Appletons' Cyclopædia of American Biography/Mosby, John Singleton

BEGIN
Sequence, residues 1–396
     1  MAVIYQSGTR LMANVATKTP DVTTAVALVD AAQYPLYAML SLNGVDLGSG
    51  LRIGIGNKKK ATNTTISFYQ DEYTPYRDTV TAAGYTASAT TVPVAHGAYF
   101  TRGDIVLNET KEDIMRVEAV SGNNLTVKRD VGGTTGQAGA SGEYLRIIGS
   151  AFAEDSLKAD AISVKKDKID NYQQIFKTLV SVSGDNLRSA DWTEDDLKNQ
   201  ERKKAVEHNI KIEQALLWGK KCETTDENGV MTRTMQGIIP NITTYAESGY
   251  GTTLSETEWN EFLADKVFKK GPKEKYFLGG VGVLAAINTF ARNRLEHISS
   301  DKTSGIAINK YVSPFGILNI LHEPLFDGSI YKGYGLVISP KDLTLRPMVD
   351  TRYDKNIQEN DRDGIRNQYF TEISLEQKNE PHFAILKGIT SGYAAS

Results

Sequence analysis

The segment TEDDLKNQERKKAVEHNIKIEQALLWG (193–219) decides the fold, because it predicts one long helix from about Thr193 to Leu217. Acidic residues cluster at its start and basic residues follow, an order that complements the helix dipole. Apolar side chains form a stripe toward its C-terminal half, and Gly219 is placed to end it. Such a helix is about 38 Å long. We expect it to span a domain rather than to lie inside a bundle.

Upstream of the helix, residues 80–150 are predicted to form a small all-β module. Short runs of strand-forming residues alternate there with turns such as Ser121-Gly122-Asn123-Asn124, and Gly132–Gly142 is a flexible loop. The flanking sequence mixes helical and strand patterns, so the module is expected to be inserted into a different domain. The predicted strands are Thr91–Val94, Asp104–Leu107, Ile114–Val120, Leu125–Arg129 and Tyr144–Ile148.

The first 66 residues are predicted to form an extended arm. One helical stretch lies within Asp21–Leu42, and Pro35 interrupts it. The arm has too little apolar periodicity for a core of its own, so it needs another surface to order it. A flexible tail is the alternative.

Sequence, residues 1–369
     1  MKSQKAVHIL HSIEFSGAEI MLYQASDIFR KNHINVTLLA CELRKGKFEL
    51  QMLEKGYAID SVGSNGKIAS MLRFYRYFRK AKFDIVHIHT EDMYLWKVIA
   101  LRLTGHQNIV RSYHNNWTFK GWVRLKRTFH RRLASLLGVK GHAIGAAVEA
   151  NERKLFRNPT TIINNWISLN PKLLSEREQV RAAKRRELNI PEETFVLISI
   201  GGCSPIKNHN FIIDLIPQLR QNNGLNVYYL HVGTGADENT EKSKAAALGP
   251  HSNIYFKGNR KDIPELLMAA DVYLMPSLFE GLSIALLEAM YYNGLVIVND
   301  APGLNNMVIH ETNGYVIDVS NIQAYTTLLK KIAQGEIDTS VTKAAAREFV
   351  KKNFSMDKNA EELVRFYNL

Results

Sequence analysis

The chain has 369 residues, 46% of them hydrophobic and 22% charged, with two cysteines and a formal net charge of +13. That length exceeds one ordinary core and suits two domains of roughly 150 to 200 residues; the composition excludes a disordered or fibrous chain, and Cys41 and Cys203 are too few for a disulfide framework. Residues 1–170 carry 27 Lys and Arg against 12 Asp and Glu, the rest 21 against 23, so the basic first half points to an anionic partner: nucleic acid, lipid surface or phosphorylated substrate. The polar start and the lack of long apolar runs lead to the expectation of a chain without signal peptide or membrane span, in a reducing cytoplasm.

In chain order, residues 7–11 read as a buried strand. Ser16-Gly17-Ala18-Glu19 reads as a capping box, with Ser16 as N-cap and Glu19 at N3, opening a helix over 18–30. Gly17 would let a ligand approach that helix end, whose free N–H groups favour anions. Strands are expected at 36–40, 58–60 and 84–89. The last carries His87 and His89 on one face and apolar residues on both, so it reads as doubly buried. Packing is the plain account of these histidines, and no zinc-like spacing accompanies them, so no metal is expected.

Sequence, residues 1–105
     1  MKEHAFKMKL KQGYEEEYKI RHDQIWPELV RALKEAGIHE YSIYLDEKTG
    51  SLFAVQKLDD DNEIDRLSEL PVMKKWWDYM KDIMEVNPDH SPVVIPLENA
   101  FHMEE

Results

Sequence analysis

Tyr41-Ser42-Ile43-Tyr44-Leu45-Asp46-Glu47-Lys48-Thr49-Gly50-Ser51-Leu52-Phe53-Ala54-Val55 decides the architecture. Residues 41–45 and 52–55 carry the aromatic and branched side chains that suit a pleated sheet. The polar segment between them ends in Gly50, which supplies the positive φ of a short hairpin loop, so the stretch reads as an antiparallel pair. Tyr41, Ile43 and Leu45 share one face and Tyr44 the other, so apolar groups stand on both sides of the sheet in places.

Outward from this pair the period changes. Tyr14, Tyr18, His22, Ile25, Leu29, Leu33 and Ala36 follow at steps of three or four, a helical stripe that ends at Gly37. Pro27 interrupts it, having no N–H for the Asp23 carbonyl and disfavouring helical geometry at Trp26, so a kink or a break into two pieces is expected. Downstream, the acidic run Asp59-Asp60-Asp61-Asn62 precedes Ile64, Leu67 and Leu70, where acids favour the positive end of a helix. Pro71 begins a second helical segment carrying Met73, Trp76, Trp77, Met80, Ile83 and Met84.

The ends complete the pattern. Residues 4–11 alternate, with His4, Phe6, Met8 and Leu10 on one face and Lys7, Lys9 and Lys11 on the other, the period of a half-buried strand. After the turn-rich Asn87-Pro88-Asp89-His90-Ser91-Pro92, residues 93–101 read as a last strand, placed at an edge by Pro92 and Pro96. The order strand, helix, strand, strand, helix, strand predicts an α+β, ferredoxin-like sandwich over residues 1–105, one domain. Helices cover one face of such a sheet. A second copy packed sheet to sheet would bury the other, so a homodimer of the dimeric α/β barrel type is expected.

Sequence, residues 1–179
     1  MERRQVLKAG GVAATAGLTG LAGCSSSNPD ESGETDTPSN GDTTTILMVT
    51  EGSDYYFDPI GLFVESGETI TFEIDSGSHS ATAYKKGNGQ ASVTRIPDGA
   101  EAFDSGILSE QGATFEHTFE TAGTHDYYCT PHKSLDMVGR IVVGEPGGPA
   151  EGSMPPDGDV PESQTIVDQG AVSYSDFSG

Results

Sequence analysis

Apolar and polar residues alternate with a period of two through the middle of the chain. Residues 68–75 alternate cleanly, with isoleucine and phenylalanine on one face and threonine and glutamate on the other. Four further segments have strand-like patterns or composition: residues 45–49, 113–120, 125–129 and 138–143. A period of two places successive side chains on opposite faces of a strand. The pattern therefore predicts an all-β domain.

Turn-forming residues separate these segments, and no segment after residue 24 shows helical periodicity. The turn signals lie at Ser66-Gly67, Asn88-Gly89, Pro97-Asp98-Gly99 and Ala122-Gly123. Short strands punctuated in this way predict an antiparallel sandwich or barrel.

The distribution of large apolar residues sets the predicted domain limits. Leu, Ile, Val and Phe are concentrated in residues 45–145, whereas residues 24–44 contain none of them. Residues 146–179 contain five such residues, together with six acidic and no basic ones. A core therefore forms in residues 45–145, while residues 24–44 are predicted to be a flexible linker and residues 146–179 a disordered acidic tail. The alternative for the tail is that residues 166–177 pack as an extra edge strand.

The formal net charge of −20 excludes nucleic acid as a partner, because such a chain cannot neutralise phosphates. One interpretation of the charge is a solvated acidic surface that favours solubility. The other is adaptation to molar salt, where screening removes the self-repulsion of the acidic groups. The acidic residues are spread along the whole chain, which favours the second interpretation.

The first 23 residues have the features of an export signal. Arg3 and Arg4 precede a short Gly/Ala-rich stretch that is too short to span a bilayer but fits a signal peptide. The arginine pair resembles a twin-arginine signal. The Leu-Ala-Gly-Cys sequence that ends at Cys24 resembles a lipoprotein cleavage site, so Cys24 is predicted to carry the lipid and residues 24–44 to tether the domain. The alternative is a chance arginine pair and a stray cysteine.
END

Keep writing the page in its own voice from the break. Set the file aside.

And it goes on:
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MOSBY, John Singleton, soldier, b. in Powhatan county, Va., 6 Dec., 1833. He entered the University of Virginia, and before completing his course shot and seriously wounded a student who assaulted him. He was fined and sentenced to imprisonment, but was pardoned by the governor, and his fine was remitted by the legislature. He studied law during his confinement, and soon after his release was admitted to the bar, and practised in Bristol, Washington co., Va. At the beginning of hostilities in the spring of 1861 he enlisted in a company of cavalry, and served in the campaign of Gen. Joseph E. Johnston in the Shenandoah valley and the Manassas operations, and on picket duty on the Potomac during the winter. At the expiration of twelve months he and a friend were the only soldiers in his company that were willing to re-enlist without first receiving a furlough. On 14 Feb., 1862, he was made adjutant of his regiment, but two months later, when the colonel, William E. Jones, was displaced, he returned to the ranks. Gen. James E. B. Stuart, the brigade commander, observed Mosby's abilities, and invited him to serve as a scout at his headquarters. He guided Stuart's force in a bold raid in the rear of Gen. George B. McClellan's position on the Chickahominy, 14 June, 1862. In January, 1863, he crossed the Rappahannock into northern Virginia, which had been abandoned the year before to the occupation of the National army, and recruited a force of irregular cavalry, with which, aided by the friendly population of Loudoun and Fauquier counties, he harassed the National lines, and did much damage by cutting communications and destroying supply-trains in the rear of the armies that invaded Virginia. His partisan rangers, when not on a raid, scattered for safety, and remained in concealment, with orders to assemble again at a given time and place. Several expeditions were sent to capture Mosby and his men; but he always had intelligence of the approach of the enemy, and evaded every encounter, though the district was repeatedly ravaged as a punishment to the people for harboring and abetting the guerillas. Many cavalry outposts were captured by them, and the National forces were compelled to strengthen their pickets, sometimes to contract their lines, and to use constant vigilance against stratagems, surprises, and nocturnal attacks. His force was made up of deserters from the Confederate ranks, of volunteers from civil life, and of furloughed cavalrymen who had lost their horses and joined him temporarily in order to obtain remounts captured from the enemy. One of his boldest lieutenants was a deserter from the National army. At Chantilly, on 16 March, 1863, he made a counter-charge, and routed a cavalry force much larger than his own. At Dranesville, on 1 April, 1863, he defeated a detachment sent specially to capture him. While the armies were engaged at Chancellorsville he surprised a body of cavalry at Warrenton Junction, but was routed by a detachment that came to the rescue. He raised a new force, obtained a howitzer, passed to the rear of Gen. Hooker's army, wrecked a railroad-train, inflicted severe damage on the troops that surrounded him, and finally cut his way through the lines. In May, 1864, Mosby captured a railroad transport near Aquia creek, and compelled Gen. Grant, while his army was engaged in the Wilderness, to detach a cavalry force to protect his communications. Mosby received a captain's commission in March, 1863, and two weeks later that of a major, and he reported to Gen. Stuart till the time of that officer's death in May, 1864, and after that to Gen. Robert E. Lee. Before the close of the war he was made a full colonel. He received several bullet-wounds. His partisan rangers, under an act of the Confederate congress, stood on the same footing as the cavalry of the line, and received the same pay, besides being allowed to retain captured spoils. On 21 April, 1865, he took leave of his partisans, saying: “Soldiers of the 43d regiment: I have summoned you together for the last time. The vision we have cherished of a free and independent country has vanished, and that country is now the spoil of a conqueror. I disband your organization in preference to surrendering it to our enemies. I am now no longer your commander.” Remaining in Fauquier county, where he was at the close of the war, he opened a law-office in Warrenton, and obtained a lucrative practice. In 1872 he incurred much obloquy in the south by publicly supporting the Republican presidential candidate, Ulysses S. Grant, who had extended his protection to Mosby's guerillas at the surrender in 1865. He defended his course on the ground that the south, which had already accepted the enfranchisement of the negroes, might consistently support the Republican party, and thereby most quickly attain tranquillity and home rule. During President Grant's second term he exerted himself to appease the spirit of dissatisfaction in the south, but declined all favors from the administration. He supported the candidacy of Rutherford B. Hayes in 1876, in a letter to the New York “Herald,” in which first appeared the phrase “the solid south.” He was appointed consul at Hong Kong, introduced reforms in the consular service, and remained there more than six years, but was removed on the accession of President Cleveland. On his return to the United States he settled in San Francisco and resumed the practice of law. In December, 1886, he delivered in Boston a lecture on Stuart's cavalry, which was repeated in other places, and published in a volume entitled “War Reminiscences” (Boston, 1887). See also “Partisan Life with Mosby,” by John Scott (New York, 1867); and “Mosby and his Men,” by J. Marshall Crawford (1867).